Earlier this spring, it looked like Virginia had the wind at its back in the state’s quest to become a leader in alternative energy. But that smooth sailing has hit rough waters.

Gamesa Energy and Huntington Ingalls Industries, which had jointly announced plans to build the state’s first offshore wind turbine, pulled the plug on the project. Gamesa will instead focus on building the turbine off the coast of the Spanish Canary Islands, where there are fewer regulatory hurdles.

Gamesa spokeswoman Susana Sanjuan said the company has been committed to Virginia, but switched gears because of uncertainty on federal energy policy, possible tax breaks, a committed market for wind power, and an offshore grid to carry the electricity.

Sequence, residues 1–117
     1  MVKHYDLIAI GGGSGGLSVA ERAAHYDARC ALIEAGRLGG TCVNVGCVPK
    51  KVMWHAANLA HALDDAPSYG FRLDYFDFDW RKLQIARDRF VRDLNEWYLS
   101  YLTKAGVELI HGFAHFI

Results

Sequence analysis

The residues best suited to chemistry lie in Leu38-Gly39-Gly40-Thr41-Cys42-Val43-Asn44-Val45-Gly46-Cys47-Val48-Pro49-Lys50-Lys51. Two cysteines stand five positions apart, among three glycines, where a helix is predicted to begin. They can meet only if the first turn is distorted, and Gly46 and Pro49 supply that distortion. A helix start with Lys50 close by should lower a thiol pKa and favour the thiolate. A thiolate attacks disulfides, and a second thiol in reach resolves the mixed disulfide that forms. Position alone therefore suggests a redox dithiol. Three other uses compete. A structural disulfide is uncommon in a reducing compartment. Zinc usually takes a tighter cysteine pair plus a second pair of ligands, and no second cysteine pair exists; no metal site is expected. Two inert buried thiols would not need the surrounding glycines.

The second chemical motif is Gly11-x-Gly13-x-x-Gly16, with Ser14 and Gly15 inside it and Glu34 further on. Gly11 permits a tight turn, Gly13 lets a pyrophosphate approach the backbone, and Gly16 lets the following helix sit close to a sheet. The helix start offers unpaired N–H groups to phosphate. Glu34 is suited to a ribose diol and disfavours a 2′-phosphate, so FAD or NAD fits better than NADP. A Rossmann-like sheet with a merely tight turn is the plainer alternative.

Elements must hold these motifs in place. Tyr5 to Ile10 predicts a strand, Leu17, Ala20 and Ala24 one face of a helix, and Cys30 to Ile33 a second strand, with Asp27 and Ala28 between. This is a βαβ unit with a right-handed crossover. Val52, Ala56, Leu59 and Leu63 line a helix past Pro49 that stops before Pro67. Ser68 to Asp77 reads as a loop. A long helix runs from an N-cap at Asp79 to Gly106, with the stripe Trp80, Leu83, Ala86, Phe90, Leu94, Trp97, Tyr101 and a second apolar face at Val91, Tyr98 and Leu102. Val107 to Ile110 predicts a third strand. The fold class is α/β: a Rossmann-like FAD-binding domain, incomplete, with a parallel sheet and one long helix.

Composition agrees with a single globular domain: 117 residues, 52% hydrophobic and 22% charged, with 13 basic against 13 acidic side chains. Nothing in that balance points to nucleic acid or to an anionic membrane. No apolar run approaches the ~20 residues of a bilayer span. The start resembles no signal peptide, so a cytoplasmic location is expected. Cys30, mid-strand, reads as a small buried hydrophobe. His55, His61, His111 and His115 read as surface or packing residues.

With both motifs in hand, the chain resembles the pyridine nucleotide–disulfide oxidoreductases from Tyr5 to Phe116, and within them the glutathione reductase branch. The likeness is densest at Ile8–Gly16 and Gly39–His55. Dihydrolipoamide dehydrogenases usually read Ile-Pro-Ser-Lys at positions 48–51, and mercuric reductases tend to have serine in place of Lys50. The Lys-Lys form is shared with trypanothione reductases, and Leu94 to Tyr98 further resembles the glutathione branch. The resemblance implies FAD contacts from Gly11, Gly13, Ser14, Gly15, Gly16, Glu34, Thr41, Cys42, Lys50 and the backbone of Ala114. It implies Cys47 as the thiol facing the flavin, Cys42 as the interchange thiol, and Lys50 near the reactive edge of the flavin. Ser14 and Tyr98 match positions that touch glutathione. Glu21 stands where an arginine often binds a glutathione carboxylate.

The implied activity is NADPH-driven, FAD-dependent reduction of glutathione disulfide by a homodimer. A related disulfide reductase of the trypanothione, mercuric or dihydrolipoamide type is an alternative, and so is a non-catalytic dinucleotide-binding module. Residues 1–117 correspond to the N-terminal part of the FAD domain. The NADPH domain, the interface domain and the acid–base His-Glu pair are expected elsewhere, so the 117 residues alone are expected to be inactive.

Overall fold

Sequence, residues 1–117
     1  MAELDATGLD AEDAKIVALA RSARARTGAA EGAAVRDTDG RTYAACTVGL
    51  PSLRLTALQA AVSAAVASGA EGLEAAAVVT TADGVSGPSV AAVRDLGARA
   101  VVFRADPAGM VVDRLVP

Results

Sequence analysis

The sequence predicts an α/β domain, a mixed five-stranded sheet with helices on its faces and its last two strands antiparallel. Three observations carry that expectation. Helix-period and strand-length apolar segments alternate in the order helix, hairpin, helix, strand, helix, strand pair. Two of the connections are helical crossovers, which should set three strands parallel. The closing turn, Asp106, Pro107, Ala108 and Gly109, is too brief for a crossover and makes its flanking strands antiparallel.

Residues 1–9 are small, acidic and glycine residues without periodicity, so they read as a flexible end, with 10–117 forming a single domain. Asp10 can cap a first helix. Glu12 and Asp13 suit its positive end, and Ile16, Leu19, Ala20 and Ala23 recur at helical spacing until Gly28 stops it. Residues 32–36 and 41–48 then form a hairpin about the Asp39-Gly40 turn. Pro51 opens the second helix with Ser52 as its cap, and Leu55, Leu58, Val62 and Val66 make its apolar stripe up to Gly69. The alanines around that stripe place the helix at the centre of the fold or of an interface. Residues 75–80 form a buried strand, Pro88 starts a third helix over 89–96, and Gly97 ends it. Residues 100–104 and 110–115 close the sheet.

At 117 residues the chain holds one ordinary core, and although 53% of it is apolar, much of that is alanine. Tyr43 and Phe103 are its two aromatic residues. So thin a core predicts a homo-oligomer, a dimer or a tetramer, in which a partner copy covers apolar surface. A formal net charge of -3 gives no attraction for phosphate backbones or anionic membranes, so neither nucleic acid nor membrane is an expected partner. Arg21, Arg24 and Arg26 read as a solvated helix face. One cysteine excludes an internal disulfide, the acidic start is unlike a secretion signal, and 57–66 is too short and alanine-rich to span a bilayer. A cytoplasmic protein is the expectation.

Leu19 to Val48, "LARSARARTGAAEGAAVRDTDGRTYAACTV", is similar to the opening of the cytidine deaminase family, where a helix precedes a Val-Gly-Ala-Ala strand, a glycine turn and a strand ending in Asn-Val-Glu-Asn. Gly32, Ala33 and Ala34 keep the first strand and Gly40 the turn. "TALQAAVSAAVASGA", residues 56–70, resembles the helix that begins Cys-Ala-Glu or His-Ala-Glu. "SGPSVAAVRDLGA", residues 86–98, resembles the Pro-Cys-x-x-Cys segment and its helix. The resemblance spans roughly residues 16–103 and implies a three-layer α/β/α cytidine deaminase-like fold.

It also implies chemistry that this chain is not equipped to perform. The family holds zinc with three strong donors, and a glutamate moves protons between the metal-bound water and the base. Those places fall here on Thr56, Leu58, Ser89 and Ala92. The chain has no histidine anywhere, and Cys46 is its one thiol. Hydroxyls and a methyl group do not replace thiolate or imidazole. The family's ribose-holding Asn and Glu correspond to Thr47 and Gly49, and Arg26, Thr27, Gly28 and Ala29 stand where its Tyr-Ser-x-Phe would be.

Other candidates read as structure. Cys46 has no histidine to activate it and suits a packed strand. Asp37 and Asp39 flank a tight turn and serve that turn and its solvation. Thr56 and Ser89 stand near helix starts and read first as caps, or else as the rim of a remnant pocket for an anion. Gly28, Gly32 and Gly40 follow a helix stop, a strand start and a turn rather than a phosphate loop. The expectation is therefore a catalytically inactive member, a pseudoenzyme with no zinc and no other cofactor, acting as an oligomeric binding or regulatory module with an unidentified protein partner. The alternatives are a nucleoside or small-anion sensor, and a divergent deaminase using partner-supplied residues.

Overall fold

In March, the Virginia Marine Resources Commission unanimously approved a permit for Gamesa to develop a prototype turbine, which would have shown interested investors and regulators how much wind could be generated and how much it would cost.

The turbine would have generated enough electricity to power 1,250 homes.

Virginia Gov. Bob McDonnell told reporters he was disappointed that the partnership couldn’t make it work, but he understood the hazards of moving forward in the face of an uncertain energy policy.

McDonnell and the state have embraced wind and the jobs it could bring, especially to an area like Norfolk, which has a ready workforce thanks to skilled port and shipbuilding jobs.

There are still plans to lease 113,000 acres of federal waters off the coast of Virginia

Beach for wind power development. Eight companies have expressed interest in the leases.